At the Russian Energy Week forum on Wednesday, President Vladimir Putin criticized the European Union’s decision to forgo Russian energy supplies, particularly gas. He stated that there is no sensible explanation for the EU’s current policy and suggested that the “modern political system in [the West] obviously sometimes brings not the smartest people to the top.”
Putin highlighted the lack of common sense in some European capitals regarding the issue of Russian gas exports to Europe. He specifically mentioned Germany’s behavior and found it surprising that European nations did not demand the reopening of a Russian gas pipeline through Ukraine after it was shut down. This shutdown occurred when Ukraine claimed that Russian forces controlling a compressor station were interfering with its technical processes.
Ukraine’s actions can be traced back to their announcement in July that they might cut Russian gas supplies to Europe altogether, as they do not intend to renew their transit deal with Moscow. Ukrainian Energy Minister German Galushchenko even predicted that Europe would not need Russian gas at all by the winter of 2024. However, the 2019 transit agreement between Russia and Ukraine allows for the export of 40 billion cubic meters of gas per year via Ukraine until the end of 2024. A third of this volume would have reached Europe through the now cut-off pipeline.
Putin criticized Europe’s lack of demand for the reopening of the Ukrainian pipeline, as well as their failure to use common sense in dealing with energy supply issues. He mentioned Poland’s termination of a supply contract with Russia before its expiry date and their rejection of Russia’s demand for ruble payments. Instead, Poland began using its leg of the Yamal-Europe Pipeline to pump stored gas from Germany.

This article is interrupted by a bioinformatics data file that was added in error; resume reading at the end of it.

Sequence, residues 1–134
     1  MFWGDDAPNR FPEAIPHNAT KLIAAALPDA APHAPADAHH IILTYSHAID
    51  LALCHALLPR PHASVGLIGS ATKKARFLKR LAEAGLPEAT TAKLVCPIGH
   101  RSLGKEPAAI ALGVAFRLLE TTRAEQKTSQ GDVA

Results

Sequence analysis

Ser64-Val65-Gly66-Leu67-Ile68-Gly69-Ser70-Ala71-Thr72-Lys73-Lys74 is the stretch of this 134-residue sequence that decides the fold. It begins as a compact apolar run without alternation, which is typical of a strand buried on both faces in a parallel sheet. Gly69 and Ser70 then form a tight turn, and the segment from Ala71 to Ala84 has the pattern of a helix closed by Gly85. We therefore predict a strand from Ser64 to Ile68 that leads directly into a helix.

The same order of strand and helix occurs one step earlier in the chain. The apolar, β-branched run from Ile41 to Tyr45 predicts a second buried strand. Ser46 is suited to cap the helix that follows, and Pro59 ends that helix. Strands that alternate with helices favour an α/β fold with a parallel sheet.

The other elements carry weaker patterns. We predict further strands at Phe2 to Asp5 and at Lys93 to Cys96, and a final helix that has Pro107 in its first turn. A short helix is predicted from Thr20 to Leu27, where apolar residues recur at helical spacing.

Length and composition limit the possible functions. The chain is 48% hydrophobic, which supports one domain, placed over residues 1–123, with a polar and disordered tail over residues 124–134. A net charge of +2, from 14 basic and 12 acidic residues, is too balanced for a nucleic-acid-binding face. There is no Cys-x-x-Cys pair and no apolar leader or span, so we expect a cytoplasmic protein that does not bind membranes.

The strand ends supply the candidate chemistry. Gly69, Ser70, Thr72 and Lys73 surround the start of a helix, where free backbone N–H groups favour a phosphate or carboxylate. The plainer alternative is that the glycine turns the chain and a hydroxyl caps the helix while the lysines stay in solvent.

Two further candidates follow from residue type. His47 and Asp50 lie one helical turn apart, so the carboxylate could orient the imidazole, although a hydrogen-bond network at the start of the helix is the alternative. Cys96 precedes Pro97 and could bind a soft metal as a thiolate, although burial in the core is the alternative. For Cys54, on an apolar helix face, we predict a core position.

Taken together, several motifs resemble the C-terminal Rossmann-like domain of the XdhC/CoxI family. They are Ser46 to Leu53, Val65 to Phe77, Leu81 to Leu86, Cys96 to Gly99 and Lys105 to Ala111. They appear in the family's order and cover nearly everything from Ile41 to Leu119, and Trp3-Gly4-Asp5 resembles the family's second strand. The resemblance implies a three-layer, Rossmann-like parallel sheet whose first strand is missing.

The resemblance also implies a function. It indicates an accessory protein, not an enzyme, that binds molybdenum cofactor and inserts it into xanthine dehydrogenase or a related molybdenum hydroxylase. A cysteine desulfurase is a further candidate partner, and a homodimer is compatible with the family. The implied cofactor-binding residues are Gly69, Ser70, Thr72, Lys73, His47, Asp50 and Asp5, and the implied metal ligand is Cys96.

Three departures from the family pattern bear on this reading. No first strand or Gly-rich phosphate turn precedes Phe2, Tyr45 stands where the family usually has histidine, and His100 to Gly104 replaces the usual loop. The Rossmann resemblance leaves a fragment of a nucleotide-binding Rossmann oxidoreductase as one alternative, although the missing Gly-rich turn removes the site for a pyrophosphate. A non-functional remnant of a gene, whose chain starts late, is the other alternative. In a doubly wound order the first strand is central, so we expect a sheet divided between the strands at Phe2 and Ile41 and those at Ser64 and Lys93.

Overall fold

The Russian president stressed that Europe could have demanded the opening of the pipeline and used it to support their economy. He also mentioned Germany’s role as the largest donor to the EU budget and Poland’s status as the largest recipient of EU funds. Putin suggested that Germany might have encouraged Poland not to disrupt the relationship and “not to bite the hand that feeds you.”
Furthermore, Putin pointed out that Germany could have approved the use of the Russian Nord Stream 2 pipeline, which remained operable after a series of underwater explosions destroyed the other three strings of Nord Stream and Nord Stream 2. He highlighted that Nord Stream 2 could have delivered 27.5 billion cubic meters of gas per year directly to Germany. Instead, Germany chooses to buy gas with a 30% premium and not utilize Russia’s energy resource.
In conclusion, President Putin expressed his confusion and disappointment with the EU’s current energy policies, particularly their avoidance of Russian gas supplies. He emphasized that there is no sensible explanation for Europe’s actions and suggested that the decision-makers in Western politics may not always be the most intelligent individuals.